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Flashback: February 2006

And now a look back at what I reviewed in February 2006:

Black Ships Before Troy by Rosemary Sutcliff. From my review: “A retelling of the Trojan War. Some people don’t understand reading something when you know the end. I’m one of those who will always read a book about Troy, even tho I know how it ends. I like Sutcliff’s version of Homer’s Iliad because it is a classic retelling. It doesn’t introduce new characters; it doesn’t give a modern spin; it doesn’t change anything. I love that it tells the story as it is. I find it hard to appreciate versions such as Troy by Geras or The Firebrand by Bradley without knowing the original tale as it was told.

Birdwing by Rafe Martin. From my review: “In The Six Swans by the Brothers Grimm, six brothers are turned into six swans. They are eventually returned to human form; except for the youngest brother, Ardwin, who is left with a wing for an arm. Martin tells the story the life of Ardwin, who has to live with the tangible reminder of the curse. . . .  Martin stays close to the original tale, because all that happens before the book begins. Ardwin, the youngest son, has returned home to his father’s castle. As can be imagined, life with one arm and one wing is not easy, and Ardwin works hard to accomplish physical tasks. But always there is a longing — to return to the swans, to the freedom of flying, to belonging, instead of being the freak, the outsider. Ardwin learns that you can’t go home again; that the past, and childhood, is another country. “I was confused by childhood memories. Things had seemed so good, then.” But the swans are no more welcoming than humans, and now that Ardwin is unable to return to the past, and has no future — what to do? Where to go?

Raising The Griffin by Melissa Wyatt. From my review: “Alex is happy with his life in England. There’s some family stuff going on that never had much to do with him; his father was always quite clear that their grandfather’s dream of reclaiming the past was just that, a dream. But then the dream becomes a reality, much to Alex’s dismay. He’s totally unprepared for it. The dream? Turns out Alex’s family used to be the rulers of an Eastern European country. They fled with their lives over 80 years ago. And now — the family has been asked to return and resume the monarchy. Alex is now Prince Alexei.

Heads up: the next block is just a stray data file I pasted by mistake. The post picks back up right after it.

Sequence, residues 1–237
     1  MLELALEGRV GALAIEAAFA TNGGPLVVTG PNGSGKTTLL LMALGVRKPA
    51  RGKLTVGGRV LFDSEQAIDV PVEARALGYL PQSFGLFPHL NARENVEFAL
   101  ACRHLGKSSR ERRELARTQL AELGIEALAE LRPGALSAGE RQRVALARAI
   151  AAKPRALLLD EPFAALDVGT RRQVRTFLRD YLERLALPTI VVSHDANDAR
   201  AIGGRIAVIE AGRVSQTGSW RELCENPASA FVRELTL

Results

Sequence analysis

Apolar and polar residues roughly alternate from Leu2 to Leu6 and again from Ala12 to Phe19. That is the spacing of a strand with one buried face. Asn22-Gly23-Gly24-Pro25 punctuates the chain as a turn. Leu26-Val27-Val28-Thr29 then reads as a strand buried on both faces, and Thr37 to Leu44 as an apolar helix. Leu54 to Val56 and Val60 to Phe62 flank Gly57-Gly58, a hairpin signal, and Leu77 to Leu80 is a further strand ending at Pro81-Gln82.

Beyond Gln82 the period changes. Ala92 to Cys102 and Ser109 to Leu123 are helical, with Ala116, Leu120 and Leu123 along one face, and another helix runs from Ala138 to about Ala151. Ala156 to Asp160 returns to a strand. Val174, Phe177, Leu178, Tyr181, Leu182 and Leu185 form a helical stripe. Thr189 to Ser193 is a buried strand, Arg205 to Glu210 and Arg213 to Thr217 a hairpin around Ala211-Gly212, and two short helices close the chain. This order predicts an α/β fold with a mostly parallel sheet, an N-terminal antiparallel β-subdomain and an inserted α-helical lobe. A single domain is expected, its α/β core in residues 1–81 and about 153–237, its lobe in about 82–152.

The Thieves of Ostia, The Roman Mysteries by Caroline Lawrence. From my review: “Rome for Middle School. These books are a mix of mystery, action, adventure and history. The four main characters are ages 8 to 12 and are a multicultural mix: Flavia is a middle class Roman; Nubia is African, and in Book 1 is Flavia’s slave; Jonathan, the next door neighbor, is Jewish; and finally there is the homeless boy, Lupus. Flavia frees Nubia, and the four have adventures and solve mysteries, and travel from Rome to Pompeii, meeting anyone and everyone from Pliny to assassins. The kids take action; they do things, rather than having adults do things for them. They ask questions, get in trouble, and work things out. As far as I can tell, Lawrence has done a superb job of keeping these books correct historically. The kids do act older than they seem; I keep picturing them as older than they are. It works, tho, because of historical and cultural differences. Kids back then were older than today; for example, Miriam, Jonathan’s sister, is only 14 but is engaged to an “old” man in his 30s. So it makes sense that these kids who are 8 to 12 are acting more like they are 12 to 15.

The Queen Of Cool by Cecil Castellucci. From my review: “Libby is the Queen of Cool. She is so cool that she’ll tape a pen to her shirt and by the rest of the day, everyone else has taped pens to their shirts. Except by then the cool kids aren’t doing it. As you may imagine, someone who is now taping pens to her shirt is a little bit bored. But what’s the Queen of Cool to do, when her life is perfect: she’s popular, her parents are well off, she has the right clothes, the cute boyfriend. Libby volunteers at the zoo. With geeks. When Libby starts learning some truths about herself, cool kids, and geeks, will the girl who was brave enough to walk thru the school formal in her underwear be brave enough to risk not being the Queen of Cool?